Next, the level of supply of the ecosystem services associated with each of the different habitats is scored (0 – 3, three being high, 0 being no supply). The scores are given as if the habitats are pristine. The service supply score is then multiplied by the functionality score, to give a relative service supply level for each service. It is recommended that the issue of seasonal variations in the supply of services is raised before scoring commences. It may be assumed that those services that have a high overall supply level are the services that enterprises should be based around.
Whereas the previous is concerned with the supply of services, the next focuses on the potential demand for services. Service demand at the local, downstream, provincial, and national and international levels are estimated. Estimated figures of users are shown as orders of magnitude (e.g. 0, 100, 1000). Following this the users of the services are listed, followed by the dependence of each of the different services being scored between 0 (no impact on welfare) and 3 (critical for welfare).
As the toolkit is presented in a preprogrammed Excel worksheet, the following information is automatically calculated for each service: total supply score, total number of beneficiaries, average dependency, total demand summary, and combined total score. These data are then consolidated for use in Step 2.
Step 2: future estuary roles identification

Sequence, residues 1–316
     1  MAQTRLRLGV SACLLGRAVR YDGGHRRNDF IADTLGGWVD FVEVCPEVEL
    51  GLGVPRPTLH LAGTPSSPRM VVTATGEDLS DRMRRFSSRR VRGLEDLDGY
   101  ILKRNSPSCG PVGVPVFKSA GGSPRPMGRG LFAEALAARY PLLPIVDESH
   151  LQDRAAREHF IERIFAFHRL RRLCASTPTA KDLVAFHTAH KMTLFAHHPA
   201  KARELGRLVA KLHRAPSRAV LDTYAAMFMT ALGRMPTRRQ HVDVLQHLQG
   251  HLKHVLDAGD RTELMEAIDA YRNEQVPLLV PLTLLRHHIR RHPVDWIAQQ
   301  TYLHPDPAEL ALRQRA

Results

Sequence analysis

The endpoint of the previous step is a ranking, in order of priority, of services that currently have high supply and low demand at a local, downstream, provincial, and national and international level. Using the knowledge and common understanding of the status quo gained though implementing Step 1, the desired roles for the estuary and possible conflicting uses, at local, downstream, provincial, and national and international levels, are then determined through discussion. Where supply is low, either intrinsically or because of poor ecological condition, but demand is high should be identified because this could indicate potential management actions that in themselves could represent enterprises, e.g., restoration.
Step 3: enterprise opportunity identification
The worksheet associated with this step provides space to document discussions around current and desired roles of the estuary, and possible conflicting uses. The worksheet provides different types of service use and possible estuary management categories to assist with identifying possible enterprise opportunities.
Step 4: enterprise risk assessment
This step is supported by two worksheets and is conducted for each enterprise. This step consists of a variety of questions that demonstrate the nature of possible relationships that may operate among the four entities of a SES (as identified by Anderies et al. 2004). Also included in this matrix are the external biophysical, social, and economic forces that may generate perturbations in a SES. The questions are based on those compiled by R. Bowd, N. W. Quinn, D. C. Kotze, D. G. Hay, and M. Mander (unpublished manuscript
) who used the Anderies et al. (2004) framework to develop an analytical framework for understanding complex SES when conducting Environmental Impact Assessments in South Africa (Table 4).
The first worksheet requires that the severity and likelihood of each risk is scored (0-3, three being very severe). A risk with a high severity of impact and a high likelihood of occurrence is considered to pose a major risk to enterprise resilience. The severity and likelihood scores are then summed to provide a semiquantitative value for each risk.
The second worksheet automatically ranks the risks according to the magnitude of risks identified previously. Once ranked, the priority risks are then assessed and mitigating actions identified and noted. If severe risks cannot be mitigated, then the proposed enterprise has a strong possibility of failure.
TESTING THE TOOLKIT